Upon his arrival to Donwell, Mr. Knightley kicked off his boots and trudged his way into his study. Collapsing in his leather armchair he covered his face with his hands and let out a frustrated moan. What a horrid evening! He had hoped that Emma would be more responsive to his suggestion of a one Mrs. Knightley yet she retained her steadfast retention of their relationship remaining that of friendship. He was beginning to think that they might never grow past that. While he maintained his sentiments, they would always be friends, he was deeply distressed at the notion of them never being moreso.
He found himself picking up and rifling through a box of their old correspondence. Most of them letters of invitation or intention of Mr. Knightley’s visits to Hartfield. His favorite however were the ones received upon his visits to London. He picked up the one from when their niece had been born a little over a year ago.
Dear Mr. Knightley,
Thank you for your letter, though I daresay I gave father quite a fright upon reading it. My enthusiasm could not be matched. A niece! Finally! Though you know I dote upon our wonderful selection of nephews you cannot disavowal me of the excitement this news has brought.
I so wish I could have been present for her arrival. I appreciate your accounts of her beauty and delicacy. I shall however make my own judgements upon making her acquaintance in person, but for now your recommendations will have to suit me.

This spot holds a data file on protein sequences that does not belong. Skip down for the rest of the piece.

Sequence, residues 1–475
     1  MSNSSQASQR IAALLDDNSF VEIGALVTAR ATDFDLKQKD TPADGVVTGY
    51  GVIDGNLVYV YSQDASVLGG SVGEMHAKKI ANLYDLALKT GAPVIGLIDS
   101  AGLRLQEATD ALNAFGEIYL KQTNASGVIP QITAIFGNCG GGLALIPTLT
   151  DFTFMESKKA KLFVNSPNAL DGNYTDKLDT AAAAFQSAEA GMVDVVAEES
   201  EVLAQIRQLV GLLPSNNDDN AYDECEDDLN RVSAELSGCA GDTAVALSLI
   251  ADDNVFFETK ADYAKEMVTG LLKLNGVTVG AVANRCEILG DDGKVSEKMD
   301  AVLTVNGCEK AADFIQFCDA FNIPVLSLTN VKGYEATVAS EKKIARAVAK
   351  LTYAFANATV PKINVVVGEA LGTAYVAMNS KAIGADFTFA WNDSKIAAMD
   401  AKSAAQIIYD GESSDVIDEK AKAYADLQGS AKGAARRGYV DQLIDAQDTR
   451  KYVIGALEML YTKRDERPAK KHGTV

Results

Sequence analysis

Please find attached a blanket and bonnet for her presentation. These shall be the first of many packages in the weeks to come and you must relay to me her use of them all.
Though he was inclined to sometimes think her silly, she always had the ability to make him laugh. They shared the same dry sarcastic humor that required a certain degree of cleverness to understand. He found himself rather missing those moments in their friendship. Ever since he had admitted the degree of his feelings towards her he had found it much more difficult to tease her without a degree of trepidation and, he thought, she had also appeared more reserved as of late. She must be in tune to the nature of his affections and was meaning to put him at bay.
Reading through the letter again he vowed to himself that he would find a way back to their easy and effortless exchanges. He missed his friend who he could tease and expect just treatment in return. It would not be easy to repress his endearments but he would do anything to keep her happy. Retiring to his chambers that night he tried to forget the emptiness of the house around him and pushed the images of her sharing his bed out of his head.